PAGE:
Freediver: Triton Down worked when it really shouldn’t have.
The cramped confines of its steadily sinking vessel threatened to confuse and frustrate, but its brief length and atmospheric design instead made it something of a snackable treat. Freediver: Triton Down Extended Cut, meanwhile, turns in some inevitable concessions that make this version a step down from the original, even with its new content weighing in.
Much of what made the original PC VR game great is still intact here, but the changes made to cram Freediver onto less powerful hardware tip the scales back towards an often murkier and sometimes less palatable experience. It’s opening ocean segment, for example, rids itself of the vibrant corals and clusters of fish that gave the PC iteration of the same section so much life.
Plus the original’s wrist-mounted glowsticks, which lit your way forward with a convenient and appropriately haunting green shade, have been traded in for a far less dynamic and much more fidgety flashlight. It means you’ll spend a lot more time submerged in darkness, which instantly makes Triton a less interesting game to simply exist in.
When you make it to the bulk of the game, in which you try to escape your ship as it descends further into the depths, you’ll instantly notice missing features. The violent bursts of underwater flames that once littered the corridors have now completely vanished and the surface of the water is no longer a convincing translucent color but a strange tinge of solid blue. Weirder still, it refuses to acknowledge contact with walls and surfaces, as if it’s cut right through them.
Perhaps by way of a make up, there is a little ‘more’ to this version of Freediver (hence the ‘Extended Cut’). For the most part it’s blink and you’ll miss it stuff, like the two extra puzzles in the beginning segment that do little other than to pad out the game’s still-slender run time. Slim, too, are the attempts to expand on the story with a few spare lines of leftover dialogue and an equally meagre addition to the game’s ending. But there are some more thrilling and explosive sequences added to its main section too.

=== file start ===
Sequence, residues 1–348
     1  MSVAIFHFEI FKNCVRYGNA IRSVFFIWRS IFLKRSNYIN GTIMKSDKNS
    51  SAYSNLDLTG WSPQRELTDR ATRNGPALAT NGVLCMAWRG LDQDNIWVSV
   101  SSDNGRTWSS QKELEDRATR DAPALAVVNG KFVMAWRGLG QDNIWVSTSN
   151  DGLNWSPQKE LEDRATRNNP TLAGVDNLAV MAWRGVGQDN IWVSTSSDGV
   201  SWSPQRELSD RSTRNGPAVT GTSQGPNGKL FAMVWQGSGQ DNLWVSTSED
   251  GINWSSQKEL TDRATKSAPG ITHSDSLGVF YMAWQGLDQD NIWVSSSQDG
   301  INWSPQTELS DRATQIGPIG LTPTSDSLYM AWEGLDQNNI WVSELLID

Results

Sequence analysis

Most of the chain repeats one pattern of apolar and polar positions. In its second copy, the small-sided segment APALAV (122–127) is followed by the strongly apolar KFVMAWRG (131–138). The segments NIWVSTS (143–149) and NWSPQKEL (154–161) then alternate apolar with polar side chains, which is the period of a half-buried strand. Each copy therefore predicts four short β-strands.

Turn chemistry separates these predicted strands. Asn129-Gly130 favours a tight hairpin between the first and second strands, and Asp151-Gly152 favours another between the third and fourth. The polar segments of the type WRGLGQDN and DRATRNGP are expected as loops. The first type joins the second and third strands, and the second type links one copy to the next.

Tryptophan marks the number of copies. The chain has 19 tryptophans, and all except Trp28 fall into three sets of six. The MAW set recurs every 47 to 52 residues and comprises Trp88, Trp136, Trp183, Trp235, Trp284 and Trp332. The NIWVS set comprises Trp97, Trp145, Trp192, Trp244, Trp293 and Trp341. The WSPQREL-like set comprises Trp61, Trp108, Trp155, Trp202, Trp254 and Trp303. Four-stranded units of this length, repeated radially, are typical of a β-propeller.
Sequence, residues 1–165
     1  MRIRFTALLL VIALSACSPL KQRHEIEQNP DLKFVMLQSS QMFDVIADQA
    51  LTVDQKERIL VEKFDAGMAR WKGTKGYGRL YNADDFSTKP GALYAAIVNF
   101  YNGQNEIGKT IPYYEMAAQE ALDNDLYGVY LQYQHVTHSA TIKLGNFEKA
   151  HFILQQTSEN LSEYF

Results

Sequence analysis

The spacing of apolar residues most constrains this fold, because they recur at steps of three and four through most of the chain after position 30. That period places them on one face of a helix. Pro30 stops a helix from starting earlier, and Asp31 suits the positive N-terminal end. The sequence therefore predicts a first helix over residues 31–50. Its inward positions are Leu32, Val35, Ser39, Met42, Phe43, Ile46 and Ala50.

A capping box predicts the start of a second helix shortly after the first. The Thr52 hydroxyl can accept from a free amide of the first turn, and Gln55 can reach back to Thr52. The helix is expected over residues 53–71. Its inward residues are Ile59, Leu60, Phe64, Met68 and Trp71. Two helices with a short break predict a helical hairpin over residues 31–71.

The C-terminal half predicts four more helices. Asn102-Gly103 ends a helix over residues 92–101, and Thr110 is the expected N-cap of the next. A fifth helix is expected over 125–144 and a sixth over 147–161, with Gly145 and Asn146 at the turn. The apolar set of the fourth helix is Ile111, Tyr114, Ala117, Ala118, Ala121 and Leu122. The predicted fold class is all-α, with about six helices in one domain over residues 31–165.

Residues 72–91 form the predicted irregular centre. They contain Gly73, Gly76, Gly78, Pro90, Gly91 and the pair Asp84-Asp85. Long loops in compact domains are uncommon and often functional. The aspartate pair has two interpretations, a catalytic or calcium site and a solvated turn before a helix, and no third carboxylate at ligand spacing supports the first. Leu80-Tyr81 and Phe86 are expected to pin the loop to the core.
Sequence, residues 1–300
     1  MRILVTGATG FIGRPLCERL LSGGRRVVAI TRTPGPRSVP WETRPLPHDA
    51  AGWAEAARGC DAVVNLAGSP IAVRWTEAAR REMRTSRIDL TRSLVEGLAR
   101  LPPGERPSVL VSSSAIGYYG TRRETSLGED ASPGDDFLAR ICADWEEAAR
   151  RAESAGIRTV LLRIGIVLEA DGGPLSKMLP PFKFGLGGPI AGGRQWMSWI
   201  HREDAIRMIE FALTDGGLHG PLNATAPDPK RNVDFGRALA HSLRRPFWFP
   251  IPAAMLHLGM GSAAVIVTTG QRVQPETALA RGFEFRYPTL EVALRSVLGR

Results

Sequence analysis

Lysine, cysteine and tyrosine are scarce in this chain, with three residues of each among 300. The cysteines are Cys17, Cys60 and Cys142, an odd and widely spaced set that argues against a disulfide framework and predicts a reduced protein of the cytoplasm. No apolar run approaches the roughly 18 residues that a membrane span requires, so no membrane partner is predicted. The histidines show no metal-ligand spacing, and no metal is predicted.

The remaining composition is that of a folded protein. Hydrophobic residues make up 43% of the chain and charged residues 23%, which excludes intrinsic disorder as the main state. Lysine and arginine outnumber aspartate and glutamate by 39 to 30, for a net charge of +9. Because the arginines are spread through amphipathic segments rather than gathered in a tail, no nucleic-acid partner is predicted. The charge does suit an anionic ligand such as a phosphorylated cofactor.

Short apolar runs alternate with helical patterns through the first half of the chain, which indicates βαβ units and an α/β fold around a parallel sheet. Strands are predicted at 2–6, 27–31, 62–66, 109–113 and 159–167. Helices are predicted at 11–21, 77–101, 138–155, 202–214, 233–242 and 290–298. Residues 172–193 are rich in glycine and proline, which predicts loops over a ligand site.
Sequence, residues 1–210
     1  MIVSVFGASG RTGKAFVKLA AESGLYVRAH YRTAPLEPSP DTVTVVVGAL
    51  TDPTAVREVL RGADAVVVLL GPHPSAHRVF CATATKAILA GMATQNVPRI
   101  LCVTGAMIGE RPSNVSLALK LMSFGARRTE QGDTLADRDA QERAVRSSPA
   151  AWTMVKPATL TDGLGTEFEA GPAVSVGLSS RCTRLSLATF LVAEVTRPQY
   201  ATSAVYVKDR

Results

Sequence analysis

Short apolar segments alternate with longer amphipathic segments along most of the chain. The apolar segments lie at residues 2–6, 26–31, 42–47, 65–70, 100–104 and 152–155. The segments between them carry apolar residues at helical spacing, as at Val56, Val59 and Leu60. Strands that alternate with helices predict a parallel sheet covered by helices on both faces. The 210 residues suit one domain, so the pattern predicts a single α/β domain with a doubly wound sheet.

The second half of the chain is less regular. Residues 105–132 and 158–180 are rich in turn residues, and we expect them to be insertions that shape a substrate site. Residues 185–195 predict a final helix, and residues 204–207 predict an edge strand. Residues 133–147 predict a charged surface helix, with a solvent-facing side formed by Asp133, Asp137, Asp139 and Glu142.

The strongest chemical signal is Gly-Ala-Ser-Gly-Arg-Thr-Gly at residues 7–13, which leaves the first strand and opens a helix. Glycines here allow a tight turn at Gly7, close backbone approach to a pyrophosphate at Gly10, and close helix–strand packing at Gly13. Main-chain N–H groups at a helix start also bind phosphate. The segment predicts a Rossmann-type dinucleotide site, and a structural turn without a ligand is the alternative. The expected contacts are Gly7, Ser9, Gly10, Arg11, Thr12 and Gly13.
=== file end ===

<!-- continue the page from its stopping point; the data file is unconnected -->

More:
Not everything works (roadbump spoiler: when you come to a nearly-closed gate just push the damn thing over instead of swimming back and forth for half an hour wondering what to do) and one addition only serves to replace one of the original game’s more exciting sequences. It definitely carries the tone of an Extended Cut; extra content that doesn’t radically enhance the experience, but it is at the very least nice to see a bit more of it.
There is, however, still a lot to like about Freediver. The control scheme remains winningly intuitive (although the new Touch’s upward tracking rings will struggle if you try to realistically twist your arms), for example.
The Extended Cut doesn’t carry the same ironic gust of fresh air its predecessor did, but it remains an engaging exercise in the VR short story; a game that doesn’t feel the need to tie itself down to the repetitive tropes of the industry at large, and suggests there’s perhaps an expanded audience to address. It remains a hopeful beacon for VR experiences that don’t require hours of your time to see through. Triton Down isn’t always successful in that experiment, but you can’t escape suspicion it’s swimming up the right tree.
Freediver: Triton Down Extended Cut Quest Review Final Impressions
The original version of Freediver: Triton Down overcame the odds to deliver an effective piece of claustrophobic VR. Some unavoidable concessions hold this Extended Cut back from being quite the same success story, hampering the original’s tone and atmosphere somewhat. Some of the new content goes a little way to making up for that, though not so far as to make this the best version of the game. You should still play Freediver but, if you have a PC powerful enough, take the age old lesson: less is more.